Rev. Lobsang Dechen la appreciated “Science meets Dharma” and Tibetan Women’s Association and graced the concluding function with a motivational speech encouraging the participants to make the most of their futures. The participants were each accorded certificates, traditional Tibetan white scarves, and a TWA WEDD bag carrying environmental messages and a pack of TWA’s publications.
The participants and the trainers had an afternoon recreation together, visiting the religious site (Kangra Lhamo) and enjoying a special dinner at the Kangra Fort.
The TWA trainers are now convinced that the successful completion of the training gives nuns a unique opportunity to stand on the threshold of the creative process of building leadership skills, and the courage to reach for higher levels of achievement; it thus treads the path of effective change. The training opened new avenues for nuns’ leadership in the Tibetan community and sought to broaden the horizons and prospects of leadership and shed the conventional connotation of leadership.
The 25 nuns who attended the training expressed in their feedback that, through this training, they had begun to explore the talents they possessed that could be harnessed not only for furthering their own potential, but also for the benefit of wider society. TWA is confident that this training will be a new milestone of inspiration for the nuns to contribute constructively to the Tibetan freedom struggle and to the promotion of Dharma.
In their feedback, the nuns requested TWA to organize more such trainings (if possible, twice a year), and also requested TWA to visit their nunneries and train more nuns there. Thus their feedback was fully positive and TWA’s ETA Desk and the trainers consider the training to have been a great success, which we look forward to taking even higher. We also look forward to enthusiastic and lively participation from our future participants.
This training is the third in the series and we remain indebted to Mr. Kalsang Chokteng la, Managing Director of “Science meets Dharma”, a project of Tibet Institute Rikon, for funding all the nuns’ leadership trainings held so far (since 2009). We also look forward to your continued support in the coming years, just as many of our participants wish to see continuity of similar trainings.
TWA’s ETA Desk remains thankful to all the participants for attending the workshop and we hope that this training will be a channel of positive change and inspiration for the nuns. TWA feels the need to do a lot of projects to empower and serve the Tibetan community, but one of the greatest barriers has always been the scarcity of funds. Therefore, we wholeheartedly thank “Science Meets Dharma” for their generous financial support.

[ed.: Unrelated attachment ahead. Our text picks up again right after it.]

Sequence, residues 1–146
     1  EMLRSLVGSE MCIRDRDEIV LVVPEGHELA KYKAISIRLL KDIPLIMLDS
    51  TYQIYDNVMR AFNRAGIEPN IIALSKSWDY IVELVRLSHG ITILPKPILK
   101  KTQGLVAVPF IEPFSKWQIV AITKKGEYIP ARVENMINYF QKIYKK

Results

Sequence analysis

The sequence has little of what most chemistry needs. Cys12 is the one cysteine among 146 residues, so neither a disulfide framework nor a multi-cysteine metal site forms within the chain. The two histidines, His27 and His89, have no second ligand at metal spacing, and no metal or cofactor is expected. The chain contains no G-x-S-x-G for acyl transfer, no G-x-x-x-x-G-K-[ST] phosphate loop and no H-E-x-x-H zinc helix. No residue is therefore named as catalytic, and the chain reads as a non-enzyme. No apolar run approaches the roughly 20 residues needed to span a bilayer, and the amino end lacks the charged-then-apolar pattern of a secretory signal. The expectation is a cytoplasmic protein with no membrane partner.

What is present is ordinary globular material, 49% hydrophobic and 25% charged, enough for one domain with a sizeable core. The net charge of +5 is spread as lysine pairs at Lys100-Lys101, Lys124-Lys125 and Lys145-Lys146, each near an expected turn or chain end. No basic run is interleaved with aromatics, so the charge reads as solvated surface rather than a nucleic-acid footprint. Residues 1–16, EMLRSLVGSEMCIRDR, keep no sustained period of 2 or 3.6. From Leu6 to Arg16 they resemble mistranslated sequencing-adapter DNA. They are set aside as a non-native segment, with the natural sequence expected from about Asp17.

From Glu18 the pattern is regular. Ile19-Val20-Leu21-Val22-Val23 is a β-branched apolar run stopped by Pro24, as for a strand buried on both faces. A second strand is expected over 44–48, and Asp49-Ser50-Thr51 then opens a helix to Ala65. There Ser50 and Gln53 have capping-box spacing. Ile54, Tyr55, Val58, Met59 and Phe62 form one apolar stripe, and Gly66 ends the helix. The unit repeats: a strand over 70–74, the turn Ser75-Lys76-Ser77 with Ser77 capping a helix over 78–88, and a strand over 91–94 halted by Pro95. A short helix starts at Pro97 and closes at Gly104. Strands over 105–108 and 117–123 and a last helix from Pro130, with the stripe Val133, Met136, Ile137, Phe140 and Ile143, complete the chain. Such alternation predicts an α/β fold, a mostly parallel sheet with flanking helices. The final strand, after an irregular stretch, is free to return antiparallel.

TWA’s primary goal is to advocate the rights of the Tibetan women inside Tibet and to empower the Tibetan women in exile. TWA’s Empowerment through Action Desk (ETAD) was founded in May 2009 and the desk exists to strengthen and support the aims of TWA by ensuring that programs are accessible and presented with excellence. The ETAD provides a central point of contact of resources for Tibetan women in exile, while effectively coordinating empowerment programs in culturally appropriate and gender sensitive ways.
TWA’s ETAD imparts leadership and empowerment actions which include the Advanced Tibetan Women’s Leadership Training, the Annual Young Tibetan Women’s Leadership Program, the All India Gender Sensitization Training and the Annual Tibetan Nuns Leadership Training.
Feedback from the participants:
“ It is a good platform to introduce new concepts to the nuns and I appreciate TWA for having thought of this program. You should continue with it- thank you very much, I had a great time here with all the participants and the trainers.”
– Ngawang Tendol, Kyidong Thukje Choeling, Nepal.
“Thank you so much for everything and for including the nuns from Ladakh into your programs”
– Ani Tenzin Palmo, Ladakh Nuns Association, Ladakh.
“I hope to see this program being conducted every year because it is really helpful”
– Lobsang Wangmo, Yung Drung Bon monastic Centre, Solan.
“Such workshops not only impart knowledge, but build confidence and self esteem to our nuns. I hope our nuns can thus contribute and participate to better our community. Thank you for inviting the nuns from here.”
– Namgyal L. Taklha, Advisor to the Drikung Kagyu Samtenling nuns
Also view the photographs on Flickr.
[slickr-flickr search=”sets” set=”72157627608747796″ items=”50″ type=”slideshow” align=”center”]